David Johnson supervised Kopie, Kucharczyk, and Keaton, but recommended only Kopie and Kucharczyk for the promotion. (Id. ¶ 10.) While Johnson offered to and did assist Kopie for a year with preparing her cases for review in connection with her candidacy for the promotion, Johnson never offered assistance to Keaton, leaving her disadvantaged in the promotion process. (Id. ¶ 13.) Johnson also permitted Kopie to “complete a summary of her caseload review in connection with her effort to be promoted but denied” Keaton the same opportunity. (Id. ¶ 14.) Kopie was promoted on August 1, 2013, the same day Keaton received the notice she was not promoted. (Id. ¶ 16.)

         DORS cited four “eligibility determination errors” Keaton made as grounds for the denial of her request for promotion. (Id. ¶ 17.) Keaton alleges that these errors were subsequently determined to be the result of a DORS computer system defect “and were approved by” her supervisor, Johnson. She also alleges that other employees “routinely” committed these errors. (Id. ¶ 17.) Keaton alleges that while white employees made errors, those employees' errors did not prevent them from being promoted. (Id. ¶ 18.) For example, Kopie erroneously authorized the purchase of a prosthesis for an individual before that individual was determined to be eligible for DORS's services. (Id. ¶ 19.) Johnson erroneously closed multiple cases prematurely. (Id. ¶ 20.) Keaton alleges that these errors were more serious than her own, but did not prevent Kopie or Johnson from being promoted. (Id. ¶¶ 19-20.)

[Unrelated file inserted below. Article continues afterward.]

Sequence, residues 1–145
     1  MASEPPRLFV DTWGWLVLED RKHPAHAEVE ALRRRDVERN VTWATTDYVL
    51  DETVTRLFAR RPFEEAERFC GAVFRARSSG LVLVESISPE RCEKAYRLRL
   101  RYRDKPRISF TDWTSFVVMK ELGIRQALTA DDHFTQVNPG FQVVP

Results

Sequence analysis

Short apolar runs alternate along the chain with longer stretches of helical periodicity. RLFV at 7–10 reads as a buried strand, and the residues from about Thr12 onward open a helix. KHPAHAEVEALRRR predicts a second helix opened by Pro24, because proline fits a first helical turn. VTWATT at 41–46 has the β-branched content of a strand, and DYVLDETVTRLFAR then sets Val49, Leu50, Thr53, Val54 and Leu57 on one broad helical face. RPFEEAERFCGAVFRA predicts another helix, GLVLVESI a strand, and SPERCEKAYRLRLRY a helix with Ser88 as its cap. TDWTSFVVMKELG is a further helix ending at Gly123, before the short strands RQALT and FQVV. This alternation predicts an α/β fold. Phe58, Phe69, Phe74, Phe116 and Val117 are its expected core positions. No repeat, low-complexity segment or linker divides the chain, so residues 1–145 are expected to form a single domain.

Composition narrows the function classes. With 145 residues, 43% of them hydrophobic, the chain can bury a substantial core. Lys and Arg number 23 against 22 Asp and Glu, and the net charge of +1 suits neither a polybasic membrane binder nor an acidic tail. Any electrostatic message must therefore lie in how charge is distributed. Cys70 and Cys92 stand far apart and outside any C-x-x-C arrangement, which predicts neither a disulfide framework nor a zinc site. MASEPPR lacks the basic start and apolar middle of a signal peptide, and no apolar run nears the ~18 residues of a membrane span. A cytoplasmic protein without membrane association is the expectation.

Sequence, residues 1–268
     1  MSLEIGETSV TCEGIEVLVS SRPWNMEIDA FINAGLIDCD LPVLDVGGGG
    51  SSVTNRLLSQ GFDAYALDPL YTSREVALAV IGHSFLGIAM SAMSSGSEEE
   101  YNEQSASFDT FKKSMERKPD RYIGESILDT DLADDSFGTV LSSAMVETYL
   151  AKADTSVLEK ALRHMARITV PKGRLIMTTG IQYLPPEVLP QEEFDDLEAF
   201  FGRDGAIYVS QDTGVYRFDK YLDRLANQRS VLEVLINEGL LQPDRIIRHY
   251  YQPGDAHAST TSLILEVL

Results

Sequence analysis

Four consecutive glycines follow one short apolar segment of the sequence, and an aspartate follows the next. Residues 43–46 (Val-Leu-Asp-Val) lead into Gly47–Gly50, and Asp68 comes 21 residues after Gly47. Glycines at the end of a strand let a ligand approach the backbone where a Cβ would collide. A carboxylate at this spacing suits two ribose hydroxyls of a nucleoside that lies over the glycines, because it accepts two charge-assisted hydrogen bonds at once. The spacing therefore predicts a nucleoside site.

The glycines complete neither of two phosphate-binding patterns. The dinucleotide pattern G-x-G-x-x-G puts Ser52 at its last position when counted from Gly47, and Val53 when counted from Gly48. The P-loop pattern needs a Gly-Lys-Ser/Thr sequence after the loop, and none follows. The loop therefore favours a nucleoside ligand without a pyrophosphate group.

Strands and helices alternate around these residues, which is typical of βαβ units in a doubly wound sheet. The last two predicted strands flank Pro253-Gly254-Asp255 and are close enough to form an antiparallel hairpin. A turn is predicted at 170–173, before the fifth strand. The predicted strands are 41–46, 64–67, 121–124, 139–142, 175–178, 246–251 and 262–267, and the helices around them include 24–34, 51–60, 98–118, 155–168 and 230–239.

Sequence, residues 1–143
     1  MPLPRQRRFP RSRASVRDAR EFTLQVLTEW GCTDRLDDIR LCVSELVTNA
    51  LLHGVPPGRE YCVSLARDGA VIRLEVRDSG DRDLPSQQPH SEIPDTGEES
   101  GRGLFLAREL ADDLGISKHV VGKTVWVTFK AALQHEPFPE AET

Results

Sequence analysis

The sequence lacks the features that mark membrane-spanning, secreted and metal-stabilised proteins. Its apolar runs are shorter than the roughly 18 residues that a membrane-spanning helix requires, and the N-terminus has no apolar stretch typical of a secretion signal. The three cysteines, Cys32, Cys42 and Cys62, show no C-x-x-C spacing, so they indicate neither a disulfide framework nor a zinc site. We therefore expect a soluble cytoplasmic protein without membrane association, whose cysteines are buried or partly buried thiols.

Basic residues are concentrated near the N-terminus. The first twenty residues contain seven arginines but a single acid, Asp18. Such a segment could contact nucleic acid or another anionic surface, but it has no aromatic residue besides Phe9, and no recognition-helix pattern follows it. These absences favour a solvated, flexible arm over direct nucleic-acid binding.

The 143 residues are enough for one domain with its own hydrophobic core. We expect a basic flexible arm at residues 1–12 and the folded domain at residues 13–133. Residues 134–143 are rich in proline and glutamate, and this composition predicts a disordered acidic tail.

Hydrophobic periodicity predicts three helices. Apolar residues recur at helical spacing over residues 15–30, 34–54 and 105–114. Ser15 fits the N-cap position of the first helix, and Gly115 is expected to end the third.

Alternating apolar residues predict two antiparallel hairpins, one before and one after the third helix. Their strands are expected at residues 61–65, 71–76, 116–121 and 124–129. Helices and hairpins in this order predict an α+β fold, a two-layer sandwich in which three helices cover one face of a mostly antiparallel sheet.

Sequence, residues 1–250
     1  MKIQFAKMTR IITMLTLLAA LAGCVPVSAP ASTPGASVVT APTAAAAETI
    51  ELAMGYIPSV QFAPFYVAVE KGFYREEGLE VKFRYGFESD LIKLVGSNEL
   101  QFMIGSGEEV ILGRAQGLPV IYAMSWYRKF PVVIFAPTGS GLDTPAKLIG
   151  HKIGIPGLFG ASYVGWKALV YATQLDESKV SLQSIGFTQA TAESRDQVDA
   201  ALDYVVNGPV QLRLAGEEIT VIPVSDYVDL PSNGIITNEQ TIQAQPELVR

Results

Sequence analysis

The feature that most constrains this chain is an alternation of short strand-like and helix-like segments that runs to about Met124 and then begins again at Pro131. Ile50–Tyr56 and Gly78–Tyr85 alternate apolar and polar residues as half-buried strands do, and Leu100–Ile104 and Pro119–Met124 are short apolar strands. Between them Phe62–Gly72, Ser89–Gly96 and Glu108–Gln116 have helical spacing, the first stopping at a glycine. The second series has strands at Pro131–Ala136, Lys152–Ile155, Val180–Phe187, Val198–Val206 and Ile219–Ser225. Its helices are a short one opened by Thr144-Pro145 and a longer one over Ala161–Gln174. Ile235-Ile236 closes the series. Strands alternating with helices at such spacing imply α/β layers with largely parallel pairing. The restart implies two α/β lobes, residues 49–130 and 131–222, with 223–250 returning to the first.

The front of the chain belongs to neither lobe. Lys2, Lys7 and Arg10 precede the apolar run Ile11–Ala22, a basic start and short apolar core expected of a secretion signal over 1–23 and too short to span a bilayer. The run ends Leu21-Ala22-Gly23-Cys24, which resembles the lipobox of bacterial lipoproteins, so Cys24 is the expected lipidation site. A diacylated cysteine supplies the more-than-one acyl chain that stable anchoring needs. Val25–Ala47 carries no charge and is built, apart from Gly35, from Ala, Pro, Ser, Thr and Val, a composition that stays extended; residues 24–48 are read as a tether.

D. Minority Employees and Clients Experience Negative Treatment at DORS

         Keaton alleges that Johnson has never recommended any black person for a promotion to the position of Senior Vocational Rehabilitation Counselor. (Id. ¶ 10.) Keaton “and many of her co-workers feel that David Johnson possesses a negative animus toward African Americans and Latinos.” (Id. ¶ 11.) In support of this allegation, Keaton alleges that she and her co-worker Latarsha Johnson heard David Johnson refer to a black male DORS client as “scum.” (Id. ¶ 11.) Keaton also alleges that David Johnson, in the course of his work for DORS, “routinely attempted to deny eligibility to African American consumers for even the most minimal services, such as short term transportation, clothing and other resources to assist such consumers in obtaining employment.” (Id. ¶ 12.)

         Furthermore, a survey of DORS employees conducted at an annual meeting, which Keaton participated in, revealed that DORS's “minority employees believe that [DORS] promotes very few, if any, minority employees, ” and “revealed the perception that [DORS] . . . treat[s] people of color unfairly.” (Id. ¶¶ 15, 29.) DORS's most recent promotions were of three white women, Kucharczyk, Kopie, and Maureen Furey, and a white man, Johnson. (Id. ¶ 16.)

         E. Keaton Challenges DORS's Promotion Decision and Criticizes DORS's Treatment of Minority Employees and Clients